Christine Stuart / ctnewsjunkie
U.S. Rep. Rosa Delauro and Secretary of the State Denise Merrill (Christine Stuart / ctnewsjunkie)

HARTFORD, CT—Anticipating that President Donald Trump will sign an executive order calling for an investigation into alleged voter fraud in the November 2016 election, Connecticut’s Secretary of the State Denise Merrill said there’s no evidence to suggest it happened.

Last week, Trump told congressional leaders he believes three to five million votes were cast illegally for Hillary Clinton. Merrill, who is president of the National Association of Secretaries of State, said there’s no evidence from her colleagues across the country that statement could be true.

“Normally allegations of wrongdoing are made by sore losers, not sore winners,” Merrill said Friday during a press conference in her state Capitol office. “It’s very surprising to me that the president would question the legitimacy of his own results. He won the election fair and square under the rules that we currently have.”

In Connecticut, Merrill said there were just 16 allegations of in-person voter fraud during the November 2016 election cycle, including the primary and the general election. Those allegations have yet to be investigated by the State Elections Enforcement Commission.

“Unproven allegations in Connecticut account for 0.00095 percent of the vote,” Merrill said. “There is simply no evidence of widespread voter fraud.”

Merrill said being registered to vote in more than one state, like some in Trump’s own cabinet and family, is not illegal. She said it would be illegal to vote in more than one state.

She said she fears statements like Trump made last week will lead to new legislation that will make it more difficult for people to register to vote. She also worries legislation could limit state and local control over elections and that any investigation could be limited to the states in which Trump lost.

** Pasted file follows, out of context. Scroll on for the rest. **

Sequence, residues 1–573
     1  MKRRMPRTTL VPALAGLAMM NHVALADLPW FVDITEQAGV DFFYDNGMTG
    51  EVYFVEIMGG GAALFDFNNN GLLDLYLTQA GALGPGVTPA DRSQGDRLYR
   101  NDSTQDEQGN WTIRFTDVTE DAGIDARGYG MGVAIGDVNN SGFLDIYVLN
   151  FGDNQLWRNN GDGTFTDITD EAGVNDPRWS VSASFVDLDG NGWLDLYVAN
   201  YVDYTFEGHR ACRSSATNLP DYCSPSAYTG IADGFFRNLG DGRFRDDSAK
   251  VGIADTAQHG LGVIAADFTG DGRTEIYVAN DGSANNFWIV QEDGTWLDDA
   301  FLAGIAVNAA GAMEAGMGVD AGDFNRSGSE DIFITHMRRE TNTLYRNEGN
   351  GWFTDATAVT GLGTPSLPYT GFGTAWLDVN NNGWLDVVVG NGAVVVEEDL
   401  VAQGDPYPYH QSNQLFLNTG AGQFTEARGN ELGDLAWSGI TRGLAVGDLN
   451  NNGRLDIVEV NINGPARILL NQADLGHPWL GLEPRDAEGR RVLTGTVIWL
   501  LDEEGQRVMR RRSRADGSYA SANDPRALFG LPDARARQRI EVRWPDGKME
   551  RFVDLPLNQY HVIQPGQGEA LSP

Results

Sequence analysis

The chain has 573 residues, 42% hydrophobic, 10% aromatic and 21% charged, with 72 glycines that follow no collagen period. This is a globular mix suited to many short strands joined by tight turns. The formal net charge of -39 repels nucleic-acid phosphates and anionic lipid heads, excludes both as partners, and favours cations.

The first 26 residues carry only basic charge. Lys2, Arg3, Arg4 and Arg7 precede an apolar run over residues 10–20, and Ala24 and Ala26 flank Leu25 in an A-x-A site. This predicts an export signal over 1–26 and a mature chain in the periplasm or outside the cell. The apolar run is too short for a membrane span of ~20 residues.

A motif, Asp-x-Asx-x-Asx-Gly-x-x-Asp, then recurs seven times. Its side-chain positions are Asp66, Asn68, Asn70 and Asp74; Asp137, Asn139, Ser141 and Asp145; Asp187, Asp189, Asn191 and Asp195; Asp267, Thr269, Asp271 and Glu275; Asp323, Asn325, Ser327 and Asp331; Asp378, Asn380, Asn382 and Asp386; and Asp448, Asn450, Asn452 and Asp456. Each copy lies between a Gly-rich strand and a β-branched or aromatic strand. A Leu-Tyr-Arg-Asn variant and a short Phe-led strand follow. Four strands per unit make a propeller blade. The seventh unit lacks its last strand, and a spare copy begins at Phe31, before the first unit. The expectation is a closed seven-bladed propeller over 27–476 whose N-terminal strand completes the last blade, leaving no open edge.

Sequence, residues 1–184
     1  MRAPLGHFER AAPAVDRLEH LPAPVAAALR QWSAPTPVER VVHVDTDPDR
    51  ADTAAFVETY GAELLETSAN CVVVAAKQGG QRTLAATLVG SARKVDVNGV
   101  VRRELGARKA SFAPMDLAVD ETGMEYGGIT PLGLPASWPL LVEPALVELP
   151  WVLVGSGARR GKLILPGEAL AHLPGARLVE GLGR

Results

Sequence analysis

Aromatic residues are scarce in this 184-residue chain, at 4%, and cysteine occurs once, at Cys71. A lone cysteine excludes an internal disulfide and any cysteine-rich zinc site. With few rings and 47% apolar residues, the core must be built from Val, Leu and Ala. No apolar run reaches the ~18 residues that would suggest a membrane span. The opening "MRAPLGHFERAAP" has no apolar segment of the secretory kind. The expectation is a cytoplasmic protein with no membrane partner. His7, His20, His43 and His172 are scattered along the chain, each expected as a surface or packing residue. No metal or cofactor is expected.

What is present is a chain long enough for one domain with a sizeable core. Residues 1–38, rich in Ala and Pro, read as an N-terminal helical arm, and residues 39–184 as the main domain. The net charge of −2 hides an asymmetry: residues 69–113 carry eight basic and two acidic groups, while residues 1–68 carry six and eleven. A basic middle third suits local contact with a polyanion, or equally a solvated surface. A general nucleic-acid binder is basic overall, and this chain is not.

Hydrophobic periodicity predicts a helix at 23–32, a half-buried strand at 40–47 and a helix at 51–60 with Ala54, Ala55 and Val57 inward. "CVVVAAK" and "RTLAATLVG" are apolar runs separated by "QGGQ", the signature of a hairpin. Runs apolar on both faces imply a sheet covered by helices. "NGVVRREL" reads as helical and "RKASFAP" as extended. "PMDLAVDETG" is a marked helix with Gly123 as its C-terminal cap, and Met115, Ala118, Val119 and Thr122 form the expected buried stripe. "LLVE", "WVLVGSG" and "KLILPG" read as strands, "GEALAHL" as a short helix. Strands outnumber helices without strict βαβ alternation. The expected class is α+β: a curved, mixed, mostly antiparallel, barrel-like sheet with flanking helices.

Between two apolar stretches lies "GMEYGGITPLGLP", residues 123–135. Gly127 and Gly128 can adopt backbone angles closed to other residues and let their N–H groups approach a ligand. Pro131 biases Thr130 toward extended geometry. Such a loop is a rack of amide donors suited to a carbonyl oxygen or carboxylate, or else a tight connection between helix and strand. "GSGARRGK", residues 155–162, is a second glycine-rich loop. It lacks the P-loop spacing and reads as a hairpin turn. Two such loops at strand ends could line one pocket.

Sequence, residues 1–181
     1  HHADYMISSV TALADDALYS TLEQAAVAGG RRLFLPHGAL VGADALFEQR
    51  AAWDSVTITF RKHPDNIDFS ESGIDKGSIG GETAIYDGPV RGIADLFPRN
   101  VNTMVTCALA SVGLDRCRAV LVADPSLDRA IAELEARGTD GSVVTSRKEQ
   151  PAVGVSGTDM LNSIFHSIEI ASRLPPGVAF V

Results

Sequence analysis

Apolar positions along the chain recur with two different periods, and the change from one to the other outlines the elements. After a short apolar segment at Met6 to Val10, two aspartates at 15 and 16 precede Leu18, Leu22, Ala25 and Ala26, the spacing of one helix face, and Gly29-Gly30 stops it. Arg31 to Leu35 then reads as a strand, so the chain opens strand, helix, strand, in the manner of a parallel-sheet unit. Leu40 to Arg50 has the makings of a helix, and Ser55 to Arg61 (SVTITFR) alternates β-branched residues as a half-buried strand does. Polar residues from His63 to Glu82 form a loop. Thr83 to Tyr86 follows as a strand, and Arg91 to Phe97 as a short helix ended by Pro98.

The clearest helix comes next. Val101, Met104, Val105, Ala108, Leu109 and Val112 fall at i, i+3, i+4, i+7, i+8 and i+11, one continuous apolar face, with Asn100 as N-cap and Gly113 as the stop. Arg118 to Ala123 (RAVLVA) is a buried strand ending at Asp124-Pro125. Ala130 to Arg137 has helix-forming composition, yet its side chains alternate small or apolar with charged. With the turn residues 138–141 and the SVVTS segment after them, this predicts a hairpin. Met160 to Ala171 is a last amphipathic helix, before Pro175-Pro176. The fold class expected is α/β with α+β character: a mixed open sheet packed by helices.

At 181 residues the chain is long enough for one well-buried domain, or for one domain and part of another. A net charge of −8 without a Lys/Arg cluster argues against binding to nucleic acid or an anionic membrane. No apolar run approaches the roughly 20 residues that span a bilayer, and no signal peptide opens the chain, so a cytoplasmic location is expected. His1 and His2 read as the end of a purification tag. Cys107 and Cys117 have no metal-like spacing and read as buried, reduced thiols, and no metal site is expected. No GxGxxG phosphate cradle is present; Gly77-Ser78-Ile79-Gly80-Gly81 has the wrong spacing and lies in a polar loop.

“It breeds cynicism in the voter,” Merrill said. “Attacking the legitimacy of elections without any evidence of wrongdoing potentially undermines the public’s faith in a free and fair vote.”

U.S. Rep. Rosa DeLauro called Trump’s statement about a possible executive order to investigate election fraud “an assault on our constitutional right to vote.”

She said there is no evidence of millions of fraudulent votes.

“You are more likely to be hit by lightning or win Powerball than you are to find voter fraud,” DeLauro said.

“The president is letting urban myths and debunked studies lead his governing,” DeLauro said. “I believe it’s a witch hunt against non-existent fraud. Will it lead to a further restriction of voting for marginalized Americans? That is the danger.”

Merrill said Connecticut would cooperate with any federal investigation initiated by Trump’s administration even though it already knows the outcome. She said normally investigations occur when there’s some evidence of a problem. She said that’s not the case with the 2016 election.

She also pointed out that an investigation could be perceived as federal interference in what is essentially a state function.

U.S. Sen. Richard Blumenthal said to begin an investigation based on “pure fiction, pure suspicion can itself be threatening, and harassing and intimidating.”